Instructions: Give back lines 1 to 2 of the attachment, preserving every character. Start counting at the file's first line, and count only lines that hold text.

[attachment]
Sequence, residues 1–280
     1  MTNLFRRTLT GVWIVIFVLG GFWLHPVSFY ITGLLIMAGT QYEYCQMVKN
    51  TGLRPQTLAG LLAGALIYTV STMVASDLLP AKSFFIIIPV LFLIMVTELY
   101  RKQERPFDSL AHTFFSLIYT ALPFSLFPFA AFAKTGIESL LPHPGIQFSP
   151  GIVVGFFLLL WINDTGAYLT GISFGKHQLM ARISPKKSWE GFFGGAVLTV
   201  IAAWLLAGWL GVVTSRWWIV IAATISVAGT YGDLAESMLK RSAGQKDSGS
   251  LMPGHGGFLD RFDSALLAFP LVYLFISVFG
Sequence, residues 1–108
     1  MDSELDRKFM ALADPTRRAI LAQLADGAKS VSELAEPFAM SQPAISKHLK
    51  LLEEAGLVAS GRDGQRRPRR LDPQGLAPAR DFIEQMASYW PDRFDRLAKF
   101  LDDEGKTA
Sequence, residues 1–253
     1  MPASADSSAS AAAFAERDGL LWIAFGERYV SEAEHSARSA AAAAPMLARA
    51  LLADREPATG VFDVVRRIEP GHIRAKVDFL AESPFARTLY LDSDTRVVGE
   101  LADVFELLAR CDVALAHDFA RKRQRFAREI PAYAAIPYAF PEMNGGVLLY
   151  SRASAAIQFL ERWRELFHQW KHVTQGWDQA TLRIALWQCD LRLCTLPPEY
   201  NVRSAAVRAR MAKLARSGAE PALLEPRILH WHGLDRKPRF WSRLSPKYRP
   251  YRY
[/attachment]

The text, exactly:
Sequence, residues 1–280
     1  MTNLFRRTLT GVWIVIFVLG GFWLHPVSFY ITGLLIMAGT QYEYCQMVKN